Got a list of bullet points as to why Python is better

So Tyler says to me, he says:

I went to the Nashville PHP group last night. The conversation turned to which languages are on the rise, and I threw Python into the mix. Problem is, I had very little ammo to arm myself with. Got a list of bullet points as to why Python is better?

Well, yes and no.

In terms of functionality, there’s very little difference between Perl 5, Python, PHP and Ruby. The reasons to choose one over the other are typically very domain-specific (hence subtle and of little use when fighting religious wars): Perl 5 makes text munging simple by having, e.g., regular expressions as first-class citizens; PHP makes web applications more natural because, well, that’s what it was designed to do.

I have nothing really positive (or negative) to say about Ruby. I can’t think of any special niche that it fills. Anonymous blocks? Perl 5 has them. Pure OO? Python has it. call/cc? If you think you need continuations, you probably don’t. You could argue that Ruby serves a purpose by combining all these things, but the number of people who sincerely need a pure OO language with anonymous blocks and continuations is probably around five.

The negative things I can think of with respect to Perl 5 and PHP is that it’s hard to do dependency injection-based testing in these languages. It’s so hard in Java, for example, even Google has invented a tool to make Java DI easier. Python on the other hand makes this dead-simple, making it so much easier to test your code from all perspectives. Hell, it’s so easy in Python, I didn’t even know there was a name for it until I came to Google. I don’t know how easy DI is in Ruby, but if it’s not Python-easy, Ruby loses.

That’s one criterion for programming languages that I don’t see discussed much: ranking languages by how easy the code is to test. One frequent example is mocking a global resource like a time source. C, C++ and Java all require you to come up with unnatural function signatures or link against special libraries when testing in order to gain control over time. It’s easier in Perl 5, but it still requires a good deal of specialized knowledge of how namespaces and module lookups work. Assuming the target library does something like import time at the top, here’s how you take control of a given module’s time source in Python:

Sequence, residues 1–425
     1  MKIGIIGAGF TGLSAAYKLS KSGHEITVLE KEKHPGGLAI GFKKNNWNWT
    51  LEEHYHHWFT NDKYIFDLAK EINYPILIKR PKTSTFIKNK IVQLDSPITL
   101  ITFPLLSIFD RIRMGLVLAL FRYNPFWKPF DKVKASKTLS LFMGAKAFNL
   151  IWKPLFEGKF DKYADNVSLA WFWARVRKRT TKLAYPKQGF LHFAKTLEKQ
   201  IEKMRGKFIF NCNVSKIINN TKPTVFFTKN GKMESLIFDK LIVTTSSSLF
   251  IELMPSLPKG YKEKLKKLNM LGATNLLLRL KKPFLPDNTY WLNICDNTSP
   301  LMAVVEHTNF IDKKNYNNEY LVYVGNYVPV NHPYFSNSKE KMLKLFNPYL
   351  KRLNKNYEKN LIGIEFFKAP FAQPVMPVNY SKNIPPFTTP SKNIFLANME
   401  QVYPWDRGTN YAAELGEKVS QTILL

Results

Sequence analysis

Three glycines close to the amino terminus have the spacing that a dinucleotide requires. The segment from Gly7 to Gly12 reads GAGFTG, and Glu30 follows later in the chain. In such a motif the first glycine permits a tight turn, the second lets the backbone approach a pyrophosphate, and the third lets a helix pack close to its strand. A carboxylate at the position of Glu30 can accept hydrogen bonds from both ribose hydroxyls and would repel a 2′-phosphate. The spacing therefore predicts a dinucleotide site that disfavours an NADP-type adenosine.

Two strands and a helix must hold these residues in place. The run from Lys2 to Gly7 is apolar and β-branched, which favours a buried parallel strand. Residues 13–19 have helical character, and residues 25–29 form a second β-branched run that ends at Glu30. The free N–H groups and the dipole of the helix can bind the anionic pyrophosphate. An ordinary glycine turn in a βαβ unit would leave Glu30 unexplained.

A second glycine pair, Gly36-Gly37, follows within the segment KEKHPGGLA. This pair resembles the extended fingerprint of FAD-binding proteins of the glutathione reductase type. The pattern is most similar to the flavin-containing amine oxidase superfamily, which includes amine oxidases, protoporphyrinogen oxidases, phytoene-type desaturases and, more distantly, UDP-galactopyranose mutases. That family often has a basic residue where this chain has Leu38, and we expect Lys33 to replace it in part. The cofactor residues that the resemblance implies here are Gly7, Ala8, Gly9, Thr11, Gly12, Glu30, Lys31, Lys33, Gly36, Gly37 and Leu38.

>>> import some_module
>>> class StubTime:
>>> def time(self):
>>> return 3634634
>>> some_module.time = StubTime()

Done. No specialized knowledge of interpreter details, no crazy setup, just done. If mocking global resources isn’t that easy in PHP, Ruby or any other language, I have little use for it beyond toy projects. Testing is where I feel Python really stands out.

Talking Popfly

I mean, seriously.

Popfly is the fun, easy way to build and share mashups, gadgets, Web pages, and applications. Popfly consists of two parts:

Popfly Creator is a set of online visual tools for building Web pages and mashups.

Popfly Space is an online community of creators where you can host, share, rate, comment and even remix creations from other Popfly users.

“From the same team that brought you Internet Explorer, it’s…Microsoft InternetWeb 2.0!” You know, I wish I had a monopoly to free me from the pressures of innovation, the need to be fresh and creative, secure in the knowledge that no matter what mediocre, uninteresting crap I pushed out, it would still be foisted upon millions against their will.

At least they admit they’re uncreative: “left to our own devices we would have called [it] ‘Microsoft Visual Mashup Creator Express, May 2007 Community Tech Preview Internet Edition,’ but instead we asked some folks for help and they suggested some cool names and we all liked Popfly.” Maybe you should have asked those same folks whether a “Visual Mashup Creator” was even a good idea to begin with. My hunch: “um no”.

I can’t imagine why anyone would want to work for these people. Popfly is the kind of product that happens when upper management says, “Hey, we have to show our shareholders that we’re doing this Web 2.0 thing they keep hearing about!” What a sad, sad little company.

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